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PostgreSQLserver connections left open

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Occasional Contributor
Posts: 11

PostgreSQLserver connections left open

Anyone have issues with conections left open? When a process failes there are left over process still active from time to time that you cant match to the corresponding folder in the work folder. However there a ton of posgreSqlServer processes that are left running that i can not identify thier source and if they are orphaned processes.

 

I am hoping someone can share how they deal with these orphaned connections.

 

thanks,
Lane

Trusted Advisor
Posts: 1,141

Re: PostgreSQLserver connections left open

Hello Lane, @goitzy,

 

I would need some additional information. Some questions that raise on my mind are:

  • Your PostgreSQL database is the WIP database from SAS, or an external PostgreSQL database that you are connecting with SAS/ACCESS to PostreSQL or SAS/ACCESS to ODBC?
  • And the open connections you mention, ydo you see them within the administration view within PostgreSQL/pgAdmin, or in the Operating System?

 

The last question, I am dropping it because one of the characteristics of PostreSQL, and some people get consused because of it, is that this is a multi-threaded database, with a pool of connections reflected on several running psql processes, which is the expected behaviour on a multi-threaded database.

Occasional Contributor
Posts: 11

Re: PostgreSQLserver connections left open

WIP database from SAS or SAS/ACCESS to ODBC (SQLServer) I am guessing.

 

We do not have any PostdreSQL in house so it would be all native to SAS.

 

I see the conections via OS task manager.

 

It could be connections for multithreaded application but the list never shrinks so processes leave either orphans or never close.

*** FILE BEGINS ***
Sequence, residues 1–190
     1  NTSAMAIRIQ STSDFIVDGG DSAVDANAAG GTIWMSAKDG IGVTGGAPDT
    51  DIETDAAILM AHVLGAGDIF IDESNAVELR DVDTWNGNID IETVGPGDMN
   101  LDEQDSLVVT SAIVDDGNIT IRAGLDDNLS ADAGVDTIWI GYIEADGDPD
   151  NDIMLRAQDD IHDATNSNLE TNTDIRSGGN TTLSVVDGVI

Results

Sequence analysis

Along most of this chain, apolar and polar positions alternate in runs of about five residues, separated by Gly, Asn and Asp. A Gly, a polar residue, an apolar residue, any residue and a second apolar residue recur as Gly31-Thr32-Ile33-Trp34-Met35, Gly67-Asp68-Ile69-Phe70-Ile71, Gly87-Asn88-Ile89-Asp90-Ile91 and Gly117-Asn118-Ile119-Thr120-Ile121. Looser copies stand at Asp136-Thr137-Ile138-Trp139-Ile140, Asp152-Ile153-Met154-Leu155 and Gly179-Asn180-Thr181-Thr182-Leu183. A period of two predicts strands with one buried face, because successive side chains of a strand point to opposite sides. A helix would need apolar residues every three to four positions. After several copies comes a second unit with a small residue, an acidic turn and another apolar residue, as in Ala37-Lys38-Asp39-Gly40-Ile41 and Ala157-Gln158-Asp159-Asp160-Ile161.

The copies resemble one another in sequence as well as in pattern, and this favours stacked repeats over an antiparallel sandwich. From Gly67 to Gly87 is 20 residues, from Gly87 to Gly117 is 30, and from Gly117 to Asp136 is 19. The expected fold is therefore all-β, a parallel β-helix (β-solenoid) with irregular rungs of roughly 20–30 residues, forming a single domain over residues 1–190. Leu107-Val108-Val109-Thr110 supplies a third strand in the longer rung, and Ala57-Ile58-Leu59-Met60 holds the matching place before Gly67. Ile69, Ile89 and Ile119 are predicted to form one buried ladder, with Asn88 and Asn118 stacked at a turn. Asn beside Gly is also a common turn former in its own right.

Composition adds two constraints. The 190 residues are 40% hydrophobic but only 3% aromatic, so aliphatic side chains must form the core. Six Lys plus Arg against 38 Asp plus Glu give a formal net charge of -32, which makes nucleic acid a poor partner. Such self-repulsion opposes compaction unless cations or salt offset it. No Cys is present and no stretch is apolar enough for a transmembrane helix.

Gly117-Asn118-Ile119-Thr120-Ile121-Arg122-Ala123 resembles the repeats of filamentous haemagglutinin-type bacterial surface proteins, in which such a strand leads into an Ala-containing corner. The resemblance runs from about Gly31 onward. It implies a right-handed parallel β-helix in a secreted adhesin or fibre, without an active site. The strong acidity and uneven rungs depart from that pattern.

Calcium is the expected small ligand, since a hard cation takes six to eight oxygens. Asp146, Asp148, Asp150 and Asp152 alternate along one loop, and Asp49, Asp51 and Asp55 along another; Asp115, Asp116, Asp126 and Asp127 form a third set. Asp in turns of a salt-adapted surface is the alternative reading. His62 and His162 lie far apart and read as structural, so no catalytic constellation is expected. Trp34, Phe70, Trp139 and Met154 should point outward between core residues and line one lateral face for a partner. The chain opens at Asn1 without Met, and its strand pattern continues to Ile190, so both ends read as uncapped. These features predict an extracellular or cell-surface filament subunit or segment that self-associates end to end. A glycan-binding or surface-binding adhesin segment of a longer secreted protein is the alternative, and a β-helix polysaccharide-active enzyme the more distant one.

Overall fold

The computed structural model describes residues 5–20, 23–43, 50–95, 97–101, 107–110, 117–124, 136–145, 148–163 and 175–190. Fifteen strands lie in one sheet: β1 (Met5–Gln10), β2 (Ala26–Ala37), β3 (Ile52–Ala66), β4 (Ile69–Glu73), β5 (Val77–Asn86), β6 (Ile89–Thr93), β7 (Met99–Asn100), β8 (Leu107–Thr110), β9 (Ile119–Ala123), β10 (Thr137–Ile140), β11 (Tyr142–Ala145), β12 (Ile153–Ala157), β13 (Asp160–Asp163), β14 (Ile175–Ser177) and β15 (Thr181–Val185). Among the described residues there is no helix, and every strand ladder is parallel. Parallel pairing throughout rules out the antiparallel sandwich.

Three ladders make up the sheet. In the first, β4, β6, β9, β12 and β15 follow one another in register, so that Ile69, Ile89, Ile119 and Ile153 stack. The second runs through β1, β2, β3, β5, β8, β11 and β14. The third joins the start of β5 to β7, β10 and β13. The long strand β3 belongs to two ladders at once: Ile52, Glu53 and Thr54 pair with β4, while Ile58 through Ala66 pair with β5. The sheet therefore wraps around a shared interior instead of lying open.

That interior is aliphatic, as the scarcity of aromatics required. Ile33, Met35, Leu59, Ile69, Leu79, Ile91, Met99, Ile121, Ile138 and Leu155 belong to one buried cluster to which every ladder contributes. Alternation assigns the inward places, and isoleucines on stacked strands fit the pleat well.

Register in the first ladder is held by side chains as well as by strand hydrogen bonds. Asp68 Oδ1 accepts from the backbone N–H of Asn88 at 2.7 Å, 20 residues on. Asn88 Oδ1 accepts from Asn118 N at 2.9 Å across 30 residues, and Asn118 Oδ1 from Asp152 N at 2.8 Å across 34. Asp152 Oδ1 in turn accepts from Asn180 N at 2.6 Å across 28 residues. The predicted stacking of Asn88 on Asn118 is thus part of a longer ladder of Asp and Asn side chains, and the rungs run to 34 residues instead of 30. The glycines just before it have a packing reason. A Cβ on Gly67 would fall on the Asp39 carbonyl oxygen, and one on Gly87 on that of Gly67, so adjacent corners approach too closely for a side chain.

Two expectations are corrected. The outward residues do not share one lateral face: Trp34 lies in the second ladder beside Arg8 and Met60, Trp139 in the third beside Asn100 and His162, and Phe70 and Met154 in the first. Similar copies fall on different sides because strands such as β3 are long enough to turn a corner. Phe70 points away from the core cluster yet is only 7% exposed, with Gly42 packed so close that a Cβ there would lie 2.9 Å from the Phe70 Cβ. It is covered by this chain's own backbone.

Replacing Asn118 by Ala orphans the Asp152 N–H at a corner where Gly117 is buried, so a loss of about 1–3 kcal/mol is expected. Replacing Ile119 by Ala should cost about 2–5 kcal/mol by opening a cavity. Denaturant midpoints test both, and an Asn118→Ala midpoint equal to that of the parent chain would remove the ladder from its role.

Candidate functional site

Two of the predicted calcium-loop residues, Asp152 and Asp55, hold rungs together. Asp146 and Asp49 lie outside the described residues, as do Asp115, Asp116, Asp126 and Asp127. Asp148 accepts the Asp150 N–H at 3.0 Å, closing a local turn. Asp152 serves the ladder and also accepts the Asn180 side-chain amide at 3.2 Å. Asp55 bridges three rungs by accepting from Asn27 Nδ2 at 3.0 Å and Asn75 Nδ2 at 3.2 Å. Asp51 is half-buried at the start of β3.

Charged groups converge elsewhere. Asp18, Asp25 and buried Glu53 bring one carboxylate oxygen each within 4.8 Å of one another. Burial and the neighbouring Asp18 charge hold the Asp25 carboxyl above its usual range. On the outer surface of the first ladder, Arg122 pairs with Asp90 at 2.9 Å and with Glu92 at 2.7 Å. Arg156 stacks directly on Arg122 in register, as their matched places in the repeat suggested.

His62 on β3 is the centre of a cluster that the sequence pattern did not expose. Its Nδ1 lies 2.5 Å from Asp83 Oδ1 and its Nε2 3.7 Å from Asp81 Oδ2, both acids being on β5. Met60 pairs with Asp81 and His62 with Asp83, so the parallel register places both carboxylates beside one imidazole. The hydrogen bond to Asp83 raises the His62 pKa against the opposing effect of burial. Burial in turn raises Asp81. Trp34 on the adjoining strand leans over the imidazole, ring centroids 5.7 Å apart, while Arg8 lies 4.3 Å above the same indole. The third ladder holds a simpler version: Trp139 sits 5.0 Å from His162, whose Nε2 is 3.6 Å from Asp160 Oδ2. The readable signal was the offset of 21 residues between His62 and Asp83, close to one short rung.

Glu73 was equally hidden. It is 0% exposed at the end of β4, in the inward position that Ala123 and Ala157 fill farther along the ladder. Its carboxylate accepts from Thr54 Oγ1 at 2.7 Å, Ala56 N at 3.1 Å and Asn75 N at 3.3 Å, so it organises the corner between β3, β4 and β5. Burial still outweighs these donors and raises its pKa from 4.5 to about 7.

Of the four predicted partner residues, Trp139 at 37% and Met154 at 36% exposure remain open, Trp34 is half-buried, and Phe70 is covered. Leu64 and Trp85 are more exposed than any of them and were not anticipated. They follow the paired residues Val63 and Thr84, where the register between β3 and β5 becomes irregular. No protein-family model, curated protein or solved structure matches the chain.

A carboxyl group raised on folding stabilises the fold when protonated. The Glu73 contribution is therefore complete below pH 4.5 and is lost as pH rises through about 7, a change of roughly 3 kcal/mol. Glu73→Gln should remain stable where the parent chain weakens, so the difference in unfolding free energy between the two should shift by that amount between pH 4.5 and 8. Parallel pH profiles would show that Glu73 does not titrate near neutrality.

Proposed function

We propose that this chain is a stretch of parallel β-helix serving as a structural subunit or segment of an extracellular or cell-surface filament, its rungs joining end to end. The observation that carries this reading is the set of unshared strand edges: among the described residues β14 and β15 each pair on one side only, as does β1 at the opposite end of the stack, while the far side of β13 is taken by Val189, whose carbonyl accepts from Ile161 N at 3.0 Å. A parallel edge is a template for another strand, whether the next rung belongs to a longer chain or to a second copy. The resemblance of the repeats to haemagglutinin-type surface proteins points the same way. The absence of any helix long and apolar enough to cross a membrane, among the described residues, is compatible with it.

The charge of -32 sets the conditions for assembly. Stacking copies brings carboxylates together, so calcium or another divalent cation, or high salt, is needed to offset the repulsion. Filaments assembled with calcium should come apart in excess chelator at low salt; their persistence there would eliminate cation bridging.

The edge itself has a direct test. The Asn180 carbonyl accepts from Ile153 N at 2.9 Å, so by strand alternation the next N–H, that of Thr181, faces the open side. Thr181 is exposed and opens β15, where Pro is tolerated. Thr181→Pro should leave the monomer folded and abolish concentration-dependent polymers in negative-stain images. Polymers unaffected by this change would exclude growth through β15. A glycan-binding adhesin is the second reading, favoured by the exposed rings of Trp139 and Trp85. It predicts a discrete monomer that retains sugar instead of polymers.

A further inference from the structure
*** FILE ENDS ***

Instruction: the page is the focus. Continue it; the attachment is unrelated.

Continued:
Trusted Advisor
Posts: 1,141

Re: PostgreSQLserver connections left open

[ Edited ]

Hello @goitzy,

 

in that case, that is perfectly normal. From the PostreSQL's manual ( https://www.postgresql.org/docs/current/static/tutorial-arch.html ):

 

The PostgreSQL server can handle multiple concurrent connections from clients. 
To achieve this it starts ("forks") a new process for each connection.
From that point on, the client and the new server process communicate without intervention by the original postgres process.
Thus, the master server process is always running, waiting for client connections, whereas client and associated server processes come and go.
Occasional Contributor
Posts: 11

Re: PostgreSQLserver connections left open

I find it disturbing that i have 153 prostgres connections using on average 2,644 k of memory per connection running at the moment. This is a waste of resources in my opinion and there seems to be no recycling of these connections.

 

 

SAS Employee
Posts: 101

Re: PostgreSQLserver connections left open

The Web Application Servers have a connection pool they allocate and re-use connections from, is it possible that's what you're seeing? They should clean up when you shut down the web application server though. The way the postgres server works, you'll see a separate process created for each incoming connection, so they may appear orphaned on the database server side, but the java process that's using them is still running. 

Occasional Contributor
Posts: 11

Re: PostgreSQLserver connections left open

I am seeing these connections on the Compute server and the environment that im using does not have any users currently in it (staging) but we are running data loads via odbc using DI Studio. I would imaging a reboot would take care of most of them but knowing the reason they are they are persistent would make me feel better
SAS Employee
Posts: 101

Re: PostgreSQLserver connections left open

Can you confirm the other endpoint of the connection? The database may be on the compute tier, but the initiant may be on another machine (so you'd see no corresponding local process for it besides the postgres process) The Web Application server keeps a pool of connections open at all times, user activity or not. I think if you shut the web application server down as an experiment you'd see them go away, but if that's what you're seeing, it's expected. 

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